Tuesday, July 15, 2008

Locke vs. Rousseau

One of my main areas of interest is in understanding the landscape of political ideas, their history and how the ideas and movements based on them have interacted and competed over time, and in getting an eagle's eye view of how they all fit together. Jonah Goldberg breaks it down into Locke vs. Rousseau:

Readers of this blog, the book or, in particular people who've heard me speak about the book at length, know that I think political philosophy, or more accurately, political visions can be boiled down to Locke versus Rousseau. The Lockean vision holds that man is the captain of his soul, that his rights come from God, the individual is sovereign, that the government exists because men of free will cede certain authorities to it in order to best protect  their lives and property.

The Rousseauian vision holds that the collective comes before the individual, our rights come from the group not from God, that the tribe is the source of all morality, and the general will is the ultimate religious construct and so therefore the needs — and aims — of the group come before those of the individual.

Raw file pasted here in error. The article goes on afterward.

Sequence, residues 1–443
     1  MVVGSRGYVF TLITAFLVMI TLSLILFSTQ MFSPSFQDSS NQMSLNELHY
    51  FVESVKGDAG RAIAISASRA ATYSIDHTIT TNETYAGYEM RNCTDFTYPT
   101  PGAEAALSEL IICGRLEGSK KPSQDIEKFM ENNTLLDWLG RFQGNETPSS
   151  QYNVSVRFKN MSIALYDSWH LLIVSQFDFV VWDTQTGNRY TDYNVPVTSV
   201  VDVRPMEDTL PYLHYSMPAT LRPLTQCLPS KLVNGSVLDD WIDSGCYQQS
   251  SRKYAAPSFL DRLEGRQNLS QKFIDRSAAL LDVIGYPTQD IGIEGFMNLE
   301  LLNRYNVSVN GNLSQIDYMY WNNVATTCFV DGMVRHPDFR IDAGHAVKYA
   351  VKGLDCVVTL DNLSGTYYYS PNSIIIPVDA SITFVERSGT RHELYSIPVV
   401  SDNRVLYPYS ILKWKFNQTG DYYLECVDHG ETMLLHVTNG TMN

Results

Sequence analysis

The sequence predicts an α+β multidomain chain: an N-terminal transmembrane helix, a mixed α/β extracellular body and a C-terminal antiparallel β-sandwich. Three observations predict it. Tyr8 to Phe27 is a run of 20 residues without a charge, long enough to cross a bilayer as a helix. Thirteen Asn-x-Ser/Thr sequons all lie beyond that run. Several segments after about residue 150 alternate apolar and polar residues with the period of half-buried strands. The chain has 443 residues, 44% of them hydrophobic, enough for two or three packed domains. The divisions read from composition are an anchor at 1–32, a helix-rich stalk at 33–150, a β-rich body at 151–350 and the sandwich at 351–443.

Fascism, like Communism, Socialism, Progressivism and all the other collectivist isms are all based on the Rousseauian vision of the group, the tribe, the class taking precedence over the individual. 

I've also been writing for years that "transnational progressives" are trying to take the Progressive project to the world stage. This was the dream of HG Wells —originator of the phrase Liberal Fascism — who often proclaimed that FDR was the living embodiment of the "world brain." It's the aspiration of Hillary Clinton's It Takes a Village, in which the logic of everything inside the village, nothing outside the village is eventually extended, in Clinton's telling,  to the global village. 

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